The slow legislative process in South Africa
Compared to the tiny country of Lesotho, in South Africa, the cannabis market is growing at a much slower rate, despite the extremely favourable climatic conditions for the cultivation of plantations and a growing internal market following the legalisation of the consumption of this substance in 2018.
This lack of progress is due mainly to the slow rate of legislation and the absence of a sufficiently structured framework.
Nevertheless, despite there being just a few companies that have received permission to start production, South Africa has the potential to become the third-largest producer of cannabis in the world (according to WHO estimates) and is still the country which, more than any other, due to its investment capacity, is in a position to meet the demands for processing the raw material on the part of other African states.
Bureaucratic delays and an unfavourable environment for business are driving away important foreign investors such as Spectrum Therapeutics, a local branch of the Canadian giant Canopy Growth which, in 2019, had planned to finance the construction of a facility for the production of cannabis-based pharmaceuticals in Atlantide, not far from Cape Town, to the tune of 38.5 million dollars. The option was definitively declined in the spring of 2020.
Zimbabwe and Malawi
Zimbabwe has opted to commence the production and processing of Cannabis on an industrial scale, using hemp fibres in the textile and building industries and its seeds and oil for the production of cosmetics and consumer goods.
To accelerate this process, in 2018, the minister for Agriculture Perence Shiri set up a system of authorisation which, in practice, has legalised the production of cannabis for industrial purposes. The problem with Zimbabwe is still its economic and political instability which has so far kept away potential North-American investors.Like Lesotho, Malawi is also banking on cannabis to free itself from the exploitation of its main resources, especially tobacco. The central figure working for the growth of the sector is Nerbert Nyirenda, a former high-level functionary in the ministries of Commerce and Industry and Finance.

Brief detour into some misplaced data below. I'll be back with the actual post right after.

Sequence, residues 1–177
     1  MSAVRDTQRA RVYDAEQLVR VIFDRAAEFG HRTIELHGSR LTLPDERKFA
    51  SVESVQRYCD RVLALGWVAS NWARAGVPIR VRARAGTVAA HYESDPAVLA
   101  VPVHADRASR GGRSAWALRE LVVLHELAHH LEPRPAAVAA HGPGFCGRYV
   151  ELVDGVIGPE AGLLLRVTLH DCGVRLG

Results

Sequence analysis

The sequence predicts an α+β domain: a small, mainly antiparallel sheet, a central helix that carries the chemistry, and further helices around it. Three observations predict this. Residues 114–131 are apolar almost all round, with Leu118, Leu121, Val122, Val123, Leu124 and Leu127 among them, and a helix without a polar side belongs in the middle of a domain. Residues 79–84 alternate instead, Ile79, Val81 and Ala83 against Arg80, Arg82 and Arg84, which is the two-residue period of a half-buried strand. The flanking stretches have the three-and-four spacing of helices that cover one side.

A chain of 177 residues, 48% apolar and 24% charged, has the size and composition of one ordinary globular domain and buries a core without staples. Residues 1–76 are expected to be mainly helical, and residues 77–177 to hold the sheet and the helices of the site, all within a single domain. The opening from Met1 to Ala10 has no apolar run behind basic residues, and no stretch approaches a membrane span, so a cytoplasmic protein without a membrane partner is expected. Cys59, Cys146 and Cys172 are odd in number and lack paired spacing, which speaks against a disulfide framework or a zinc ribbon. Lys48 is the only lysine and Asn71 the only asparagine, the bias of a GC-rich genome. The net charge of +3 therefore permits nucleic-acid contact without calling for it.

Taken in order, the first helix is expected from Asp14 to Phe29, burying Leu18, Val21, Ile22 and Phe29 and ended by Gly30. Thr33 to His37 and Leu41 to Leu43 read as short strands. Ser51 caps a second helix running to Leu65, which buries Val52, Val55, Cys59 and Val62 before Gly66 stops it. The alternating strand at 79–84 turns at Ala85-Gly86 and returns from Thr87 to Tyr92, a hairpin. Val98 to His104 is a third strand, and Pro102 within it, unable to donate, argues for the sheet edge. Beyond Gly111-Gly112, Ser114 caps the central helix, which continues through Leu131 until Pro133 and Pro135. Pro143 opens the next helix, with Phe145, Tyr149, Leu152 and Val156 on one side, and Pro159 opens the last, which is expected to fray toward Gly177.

The more active companies are Kawandama Hills Plantations and Invegrow. In 2015, the latter obtained permission to cultivate cannabis for scientific research. The qualitative leap was made last March when the parliament passed a motion in favour of the legal cultivation of cannabis both industrially and for medical purposes.
Tanzania and Kenya are two countries that produce large quantities of cannabis though, as in other African states, it is not yet possible to cultivate or sell this substance legally. The lack of legislative movement inevitably favours criminal organisations.
According to the UNODC, the UN Office for Drug Control and Crime Prevention, of the more than ten thousand tons of cannabis produced every year in Africa, at least 80% is illegally cultivated by networks of regional and international drug traffickers.